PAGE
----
My boyfriend Steve and I would camp once a week in different towns along the Alaskan Highway. The Alaskan Highway is only two lanes wide running north and south to towns such as Healy, Cantwell, Trapper Creek, Brushkana, and Talkeetna spaced about 50 miles apart from each other. Driving to our campsites was an adventure that we enjoyed every week during the summer. Even the cars in Alaska are equipped differently than most cars. For example, they have battery line cables to be plugged in during harsh winter months, wire mesh screens in the headlights to protect against stray rocks, and a first aid kit. Towns usually consist only of a solitary gas station, which is also the grocery store, and sometimes lodging for the less adventurous spirits. No matter how small a town it was never without a bar, which should say something of its population. I learned many of the liquor laws, having bartended to tourists on resort property. The laws are that there aren't any, except that bars must close for only two hours daily, and the choice of hours is at the discretion of the bar owner. Liquor included, things were much more expensive in Alaska than the lower 48; a short list of groceries for camping could cost up to fifty dollars. At these prices I can't say we ate well when off of the resort property. The local people of Alaska should also be addressed; it is said the population is made up of many people who come there escaping the law and warrants from the lower 48 states. Proven true in our experiences, many people we met were unbalanced to say the least. I consider myself a bold girl from New York, and still I found that Alaska was not a place to be found alone. Soon enough though, we were among a vast amount of wilderness, relaxing on the river, and enjoying "The Midnight Sun." In August, sightings of the aurora borealis were another first for me. It is said that these lights are active all year but can only be seen when the Alaskan sky is dark enough. Glistening bands of blue and green hues screen the night sky as if being dragged slowly by the winds. And although I had taken pictures, there is no comparison to camping at an altitude of 8,000 ft, the only human people for miles, lying awe-struck to this beautiful sight.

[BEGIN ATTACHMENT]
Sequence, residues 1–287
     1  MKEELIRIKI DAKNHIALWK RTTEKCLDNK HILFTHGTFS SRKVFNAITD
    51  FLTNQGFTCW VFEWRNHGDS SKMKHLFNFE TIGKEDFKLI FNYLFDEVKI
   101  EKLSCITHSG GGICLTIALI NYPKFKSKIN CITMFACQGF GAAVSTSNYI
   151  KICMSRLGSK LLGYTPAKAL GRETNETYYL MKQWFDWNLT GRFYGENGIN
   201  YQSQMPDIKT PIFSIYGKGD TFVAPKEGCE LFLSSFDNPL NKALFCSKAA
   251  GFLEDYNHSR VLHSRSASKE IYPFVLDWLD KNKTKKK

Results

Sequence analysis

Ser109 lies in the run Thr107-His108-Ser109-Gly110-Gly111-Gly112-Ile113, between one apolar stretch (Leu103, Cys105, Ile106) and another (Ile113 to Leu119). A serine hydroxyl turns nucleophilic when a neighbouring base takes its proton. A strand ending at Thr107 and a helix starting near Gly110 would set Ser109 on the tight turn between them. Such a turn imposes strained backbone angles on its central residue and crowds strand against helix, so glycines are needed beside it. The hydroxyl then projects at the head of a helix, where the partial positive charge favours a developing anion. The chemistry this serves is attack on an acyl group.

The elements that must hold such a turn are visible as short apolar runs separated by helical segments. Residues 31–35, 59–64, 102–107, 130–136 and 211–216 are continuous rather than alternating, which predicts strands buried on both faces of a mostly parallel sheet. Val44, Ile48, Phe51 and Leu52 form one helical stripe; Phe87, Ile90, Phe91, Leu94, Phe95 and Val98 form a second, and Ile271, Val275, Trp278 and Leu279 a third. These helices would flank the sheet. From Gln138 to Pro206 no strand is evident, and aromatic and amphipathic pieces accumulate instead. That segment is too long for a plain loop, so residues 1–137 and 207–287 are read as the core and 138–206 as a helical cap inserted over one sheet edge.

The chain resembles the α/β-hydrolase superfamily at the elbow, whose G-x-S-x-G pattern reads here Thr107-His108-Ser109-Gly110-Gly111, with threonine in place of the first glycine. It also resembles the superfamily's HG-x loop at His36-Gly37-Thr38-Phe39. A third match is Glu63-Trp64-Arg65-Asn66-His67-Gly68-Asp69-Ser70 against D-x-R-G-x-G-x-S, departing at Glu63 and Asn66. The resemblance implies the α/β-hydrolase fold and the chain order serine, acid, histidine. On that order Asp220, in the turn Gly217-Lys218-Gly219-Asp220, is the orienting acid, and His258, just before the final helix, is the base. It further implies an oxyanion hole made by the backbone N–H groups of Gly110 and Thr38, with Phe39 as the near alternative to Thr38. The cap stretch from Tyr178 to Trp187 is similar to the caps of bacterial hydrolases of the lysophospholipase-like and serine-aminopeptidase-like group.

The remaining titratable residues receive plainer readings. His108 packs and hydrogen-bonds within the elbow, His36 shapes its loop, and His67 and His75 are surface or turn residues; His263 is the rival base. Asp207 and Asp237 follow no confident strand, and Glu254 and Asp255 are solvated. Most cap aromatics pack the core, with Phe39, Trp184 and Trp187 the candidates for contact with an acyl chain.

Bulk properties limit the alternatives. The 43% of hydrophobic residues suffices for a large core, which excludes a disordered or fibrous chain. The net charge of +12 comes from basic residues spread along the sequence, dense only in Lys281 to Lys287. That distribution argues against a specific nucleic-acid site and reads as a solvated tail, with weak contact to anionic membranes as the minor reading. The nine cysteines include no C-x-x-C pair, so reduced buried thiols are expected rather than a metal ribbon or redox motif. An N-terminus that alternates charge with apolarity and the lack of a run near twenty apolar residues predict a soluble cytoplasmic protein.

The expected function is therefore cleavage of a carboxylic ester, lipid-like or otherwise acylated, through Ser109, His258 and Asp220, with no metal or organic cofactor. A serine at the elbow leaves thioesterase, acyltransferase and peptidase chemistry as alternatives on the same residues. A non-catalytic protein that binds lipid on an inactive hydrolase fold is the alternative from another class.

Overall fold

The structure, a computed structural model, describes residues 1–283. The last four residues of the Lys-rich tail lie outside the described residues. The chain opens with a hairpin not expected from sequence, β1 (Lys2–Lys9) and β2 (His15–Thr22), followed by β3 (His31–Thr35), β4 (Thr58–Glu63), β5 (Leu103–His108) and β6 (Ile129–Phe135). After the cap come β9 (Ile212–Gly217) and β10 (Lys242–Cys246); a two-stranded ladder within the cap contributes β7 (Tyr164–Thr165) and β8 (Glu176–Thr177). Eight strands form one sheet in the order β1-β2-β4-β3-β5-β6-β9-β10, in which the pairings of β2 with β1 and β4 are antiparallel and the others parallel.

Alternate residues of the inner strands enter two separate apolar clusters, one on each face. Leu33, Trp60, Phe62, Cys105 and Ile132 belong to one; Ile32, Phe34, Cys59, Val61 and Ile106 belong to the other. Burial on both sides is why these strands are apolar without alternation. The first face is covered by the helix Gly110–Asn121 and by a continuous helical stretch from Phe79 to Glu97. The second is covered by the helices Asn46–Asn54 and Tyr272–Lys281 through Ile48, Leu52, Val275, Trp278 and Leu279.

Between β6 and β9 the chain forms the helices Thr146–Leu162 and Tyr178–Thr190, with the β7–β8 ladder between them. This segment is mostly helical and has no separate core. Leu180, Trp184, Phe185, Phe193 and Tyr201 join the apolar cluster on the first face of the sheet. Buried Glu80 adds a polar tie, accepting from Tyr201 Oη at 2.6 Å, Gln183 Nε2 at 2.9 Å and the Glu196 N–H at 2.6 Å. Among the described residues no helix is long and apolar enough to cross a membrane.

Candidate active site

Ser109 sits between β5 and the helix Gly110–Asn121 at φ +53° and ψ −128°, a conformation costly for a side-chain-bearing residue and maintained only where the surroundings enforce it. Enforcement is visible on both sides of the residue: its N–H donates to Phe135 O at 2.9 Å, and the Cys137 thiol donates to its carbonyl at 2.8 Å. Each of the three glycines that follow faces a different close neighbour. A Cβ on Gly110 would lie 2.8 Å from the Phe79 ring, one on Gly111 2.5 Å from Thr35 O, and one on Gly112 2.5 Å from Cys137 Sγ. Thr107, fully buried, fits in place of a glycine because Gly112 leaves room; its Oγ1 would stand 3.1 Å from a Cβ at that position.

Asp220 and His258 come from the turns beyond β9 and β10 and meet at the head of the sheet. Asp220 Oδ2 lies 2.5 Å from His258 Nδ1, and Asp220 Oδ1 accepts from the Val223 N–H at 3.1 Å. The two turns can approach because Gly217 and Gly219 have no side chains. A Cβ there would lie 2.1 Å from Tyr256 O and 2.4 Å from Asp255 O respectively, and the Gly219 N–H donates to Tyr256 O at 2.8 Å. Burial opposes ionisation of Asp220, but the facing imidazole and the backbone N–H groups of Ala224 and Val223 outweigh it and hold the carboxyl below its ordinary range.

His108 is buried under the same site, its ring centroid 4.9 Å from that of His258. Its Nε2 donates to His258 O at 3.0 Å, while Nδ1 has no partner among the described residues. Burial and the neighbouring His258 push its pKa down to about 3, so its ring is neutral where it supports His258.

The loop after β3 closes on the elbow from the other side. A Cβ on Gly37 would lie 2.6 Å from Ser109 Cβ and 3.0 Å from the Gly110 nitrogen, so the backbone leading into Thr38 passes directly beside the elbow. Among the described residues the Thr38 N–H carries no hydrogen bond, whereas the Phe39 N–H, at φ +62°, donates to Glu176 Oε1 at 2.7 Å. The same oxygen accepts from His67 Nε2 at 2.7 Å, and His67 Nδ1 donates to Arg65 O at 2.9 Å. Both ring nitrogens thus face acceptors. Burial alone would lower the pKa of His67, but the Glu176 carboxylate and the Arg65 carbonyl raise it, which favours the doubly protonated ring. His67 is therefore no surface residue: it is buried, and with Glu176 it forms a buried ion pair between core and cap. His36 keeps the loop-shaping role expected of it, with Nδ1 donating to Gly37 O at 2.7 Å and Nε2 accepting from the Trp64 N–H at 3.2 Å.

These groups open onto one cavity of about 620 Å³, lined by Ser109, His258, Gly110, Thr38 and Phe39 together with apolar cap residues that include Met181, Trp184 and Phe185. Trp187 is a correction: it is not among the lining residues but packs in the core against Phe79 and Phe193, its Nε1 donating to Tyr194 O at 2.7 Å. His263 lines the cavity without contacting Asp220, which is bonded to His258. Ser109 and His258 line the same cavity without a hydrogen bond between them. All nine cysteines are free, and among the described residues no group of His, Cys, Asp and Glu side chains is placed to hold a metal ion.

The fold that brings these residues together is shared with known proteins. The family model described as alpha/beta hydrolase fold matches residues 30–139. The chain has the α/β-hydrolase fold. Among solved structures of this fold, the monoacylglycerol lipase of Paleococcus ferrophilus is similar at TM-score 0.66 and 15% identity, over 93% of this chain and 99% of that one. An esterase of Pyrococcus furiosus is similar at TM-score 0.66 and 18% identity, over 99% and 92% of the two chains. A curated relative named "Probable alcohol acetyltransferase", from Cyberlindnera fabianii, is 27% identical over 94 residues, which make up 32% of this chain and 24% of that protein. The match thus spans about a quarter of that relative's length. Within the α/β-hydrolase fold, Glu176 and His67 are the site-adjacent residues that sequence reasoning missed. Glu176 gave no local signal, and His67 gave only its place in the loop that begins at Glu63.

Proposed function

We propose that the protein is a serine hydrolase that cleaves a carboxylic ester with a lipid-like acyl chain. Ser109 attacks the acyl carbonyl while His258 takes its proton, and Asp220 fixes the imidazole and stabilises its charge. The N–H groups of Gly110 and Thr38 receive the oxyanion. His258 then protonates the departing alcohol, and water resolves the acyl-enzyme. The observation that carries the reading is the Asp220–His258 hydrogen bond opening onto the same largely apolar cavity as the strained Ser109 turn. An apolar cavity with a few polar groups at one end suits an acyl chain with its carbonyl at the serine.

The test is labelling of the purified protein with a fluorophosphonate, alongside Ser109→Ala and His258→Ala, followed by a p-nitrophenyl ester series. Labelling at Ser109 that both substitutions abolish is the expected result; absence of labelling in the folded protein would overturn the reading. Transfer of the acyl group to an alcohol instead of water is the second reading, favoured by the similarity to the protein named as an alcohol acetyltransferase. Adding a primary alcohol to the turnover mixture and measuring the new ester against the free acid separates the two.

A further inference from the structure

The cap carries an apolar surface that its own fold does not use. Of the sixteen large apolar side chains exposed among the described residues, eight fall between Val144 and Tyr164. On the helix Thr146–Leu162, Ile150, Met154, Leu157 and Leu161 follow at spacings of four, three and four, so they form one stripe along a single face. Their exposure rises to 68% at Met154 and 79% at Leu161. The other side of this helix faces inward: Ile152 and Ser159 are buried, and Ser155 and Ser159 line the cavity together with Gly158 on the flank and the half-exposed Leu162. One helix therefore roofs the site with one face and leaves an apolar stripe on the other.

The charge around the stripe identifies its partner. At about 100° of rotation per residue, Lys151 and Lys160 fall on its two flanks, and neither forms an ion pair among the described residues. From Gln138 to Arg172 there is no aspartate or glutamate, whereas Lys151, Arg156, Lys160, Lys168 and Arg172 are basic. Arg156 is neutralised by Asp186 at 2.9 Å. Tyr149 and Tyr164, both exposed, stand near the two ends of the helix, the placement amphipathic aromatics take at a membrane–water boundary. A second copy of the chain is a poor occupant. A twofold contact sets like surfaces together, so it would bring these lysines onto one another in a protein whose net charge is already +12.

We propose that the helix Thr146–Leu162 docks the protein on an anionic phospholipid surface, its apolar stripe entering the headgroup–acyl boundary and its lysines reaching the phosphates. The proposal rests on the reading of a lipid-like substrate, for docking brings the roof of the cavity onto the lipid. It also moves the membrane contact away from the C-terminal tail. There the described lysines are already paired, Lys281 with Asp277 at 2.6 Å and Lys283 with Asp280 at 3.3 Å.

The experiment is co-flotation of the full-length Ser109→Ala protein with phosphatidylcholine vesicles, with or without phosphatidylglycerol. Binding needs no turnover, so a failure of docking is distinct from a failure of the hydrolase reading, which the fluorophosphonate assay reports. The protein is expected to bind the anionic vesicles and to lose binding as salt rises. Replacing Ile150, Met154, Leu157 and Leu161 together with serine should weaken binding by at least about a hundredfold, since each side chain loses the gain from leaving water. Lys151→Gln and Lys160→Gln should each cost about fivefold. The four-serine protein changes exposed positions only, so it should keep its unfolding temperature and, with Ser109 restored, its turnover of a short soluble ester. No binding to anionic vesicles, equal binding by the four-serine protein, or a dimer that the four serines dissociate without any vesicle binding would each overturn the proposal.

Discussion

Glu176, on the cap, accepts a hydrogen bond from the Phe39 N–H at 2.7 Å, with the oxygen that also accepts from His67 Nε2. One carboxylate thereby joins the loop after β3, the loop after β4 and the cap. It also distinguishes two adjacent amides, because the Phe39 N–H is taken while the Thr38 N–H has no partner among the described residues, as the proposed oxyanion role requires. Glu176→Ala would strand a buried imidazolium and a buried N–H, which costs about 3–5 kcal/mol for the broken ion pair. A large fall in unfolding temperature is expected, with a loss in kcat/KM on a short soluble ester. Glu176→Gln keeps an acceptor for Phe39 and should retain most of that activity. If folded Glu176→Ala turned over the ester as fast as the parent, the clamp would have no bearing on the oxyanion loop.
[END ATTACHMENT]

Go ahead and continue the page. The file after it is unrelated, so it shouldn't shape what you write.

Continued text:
Summers here on Long Island, NY usually consist of beaches, bars, and trying to stay cool in the humid, hot days. This four month excursion and journey was unlike any experience I have ever had before. I realize the conveniences of New York life in contrast to living in a place where a two hour drive is certain for buying basic essential toiletries. There is life beyond shopping centers, fast food, and the rushed stampede of a daily commute along highways and expressways. I have encountered the unknown Alaskan frontier; it is now part of my heart, soul and mind's eye. This is not a trip suited for the meek, or timid, but is for spirited, high-minded individuals with a zest for life and nature in its most basic form. Not knowing what to expect, Alaska did not have much to offer upon arrival, but I came home fulfilled and stimulated from my experience.